400 German Warplanes Firebomb London

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400 German Warplanes Firebomb London

Post by Globalization41 » 20 Jun 2004 18:11

London, Special Cable to The New York
Thursday, April 17, 1941: [Late
Wednesday night, U.S. time.]
London was
battered for eight hours last night and early
today by German bombers who unloaded
explosive and fire bombs over all parts of the
capital in what is believed to be the longest
concentrated attack since the war began.
[Hitler had ordered a terror raid to avenge an
April 9th raid on Berlin by British bombers.]

... The merciless parade of raiders began soon
after the dinner hour and continued for eight
hours with the never-ending, uneven drone of
German planes always to be heard. A short
breathing spell here meant that other people
were being blasted there. Then once again
would come the breath-taking whistle of bombs
and a roar while the building rocked and glass
crashed. ... When the steady note of "All
sounded it seemed unbelievable.
Everywhere was crushed glass, doors oftener
than not blown in, and everything covered in
the black soot that forms a kind of war patina
for London. Even the air itself was dusty. ...
This was the case where bombs came near but
did not strike. No one knows or dares to guess
yet what has happened throughout London
where the incendiaries landed and heavy
explosives pulverized brick and wood in
homes, public buildings, offices, and industrial
plants. ... Suffice to say now that the capital
has undergone a long punishment which for
intensity on so great a scale surpasses anything
yet endured. The fire raid on the eve of the
new year was more spectacular, the destruction
of the docks last September more violent, but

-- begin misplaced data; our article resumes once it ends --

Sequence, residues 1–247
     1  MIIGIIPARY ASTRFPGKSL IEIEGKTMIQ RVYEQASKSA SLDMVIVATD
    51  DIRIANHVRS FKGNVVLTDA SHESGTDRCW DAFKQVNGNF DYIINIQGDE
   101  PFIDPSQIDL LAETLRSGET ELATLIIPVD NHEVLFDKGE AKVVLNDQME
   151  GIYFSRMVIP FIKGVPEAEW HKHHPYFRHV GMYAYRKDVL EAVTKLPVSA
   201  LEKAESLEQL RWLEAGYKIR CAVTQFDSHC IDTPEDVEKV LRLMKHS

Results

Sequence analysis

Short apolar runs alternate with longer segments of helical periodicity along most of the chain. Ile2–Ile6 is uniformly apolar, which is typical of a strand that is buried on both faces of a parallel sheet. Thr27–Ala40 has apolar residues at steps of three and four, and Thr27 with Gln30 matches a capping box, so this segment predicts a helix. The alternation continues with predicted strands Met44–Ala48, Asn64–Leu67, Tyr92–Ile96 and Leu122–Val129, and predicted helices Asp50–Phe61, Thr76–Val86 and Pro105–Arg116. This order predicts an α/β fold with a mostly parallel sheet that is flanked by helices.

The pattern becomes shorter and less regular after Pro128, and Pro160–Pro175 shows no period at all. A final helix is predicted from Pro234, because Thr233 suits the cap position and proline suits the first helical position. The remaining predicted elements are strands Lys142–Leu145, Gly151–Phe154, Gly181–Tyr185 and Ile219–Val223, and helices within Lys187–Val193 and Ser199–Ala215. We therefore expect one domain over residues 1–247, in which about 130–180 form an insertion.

the whole of London has experienced no such
plastering as this night's. ... Flames rose
everywhere, casting a sunset glow against the
blackout. They were no sooner smothered by
fire fighters than other forked tongues could be
seen licking up to frame London's slender
church spires, the Houses of Parliament, and
other historic land marks which though
probably untouched did appear fantastic in this
setting. ... Smoke lay across the capital as a
thin veil only visible when flares floated down
or flames shot up.
The fires were brought
quickly under control, but the smoke rolled on,
filling the great city with a pungent smell. ...
... The New York Times, Late Wednesday,
April 16, 1941:
Casualties in London were
heavy and damage considerable, said an Air
Ministry communique quoted by the Associated
It was estimated that 400 planes took
part in the attack.
... ... Budapest, Hungary,
By Telephone to The New York Times,
April 16:
Max London, a Jewish bookseller in
Bucharest [Rumania], was murdered in his
home on Monday, it was learned here today.
The two murderers [a waiter and bookbinder
and members of the Iron Guard, a radical
right-wing group]
were arrested the next day.
... Both were hanged last night. [Two others
were awaiting hanging for "hiding pistols."]

Washington, Special to The New York Times,
Wed., April 16: President Roosevelt today
condemned Hungary for attacking Yugoslavia
and put into effect provisions of the Neutrality
with regard to Hungary by declaring in his
proclamation, [since] "Hungary having without
justification attacked Yugoslavia, a state of war
exists between Hungary and Yugoslavia."
With relations between Hungary and the U.S.
being friendly only a few days before, the
President's condemnation served to emphasize
the speed with which the situation in the
Balkans has been transformed.

London, The New York Times, United Press,
Wednesday, April 16, 1941: Foreign Secretary
Anthony Eden saw Soviet Ambassador Ivan
Maisky, this afternoon, and was reported to
have expressed the desire of the British
Government for an improvement in British-
Soviet relations.
... [The British had
knowledge, mainly through radio intercepts of
German troop movements, indicating Hitler
was planning an invasion of Russia.]
Considerable importance was attached to the
conversation, the first between the two since
the momentous Russo-Japanese agreements of
last Sunday. ... It was believed that a
complete exchange of views took place and that
Mr. Maisky listed several conditions for an
improvement in relations, including a
clarification of Britain's attitude toward
incorporation of the former Baltic States --
Lithuania, Latvia, and Estonia -- into the
Soviet Union, one of the questions that must be
settled before any discussions of broader
questions could arise. ... [The Red Army
opportunistically occupied the Baltic states in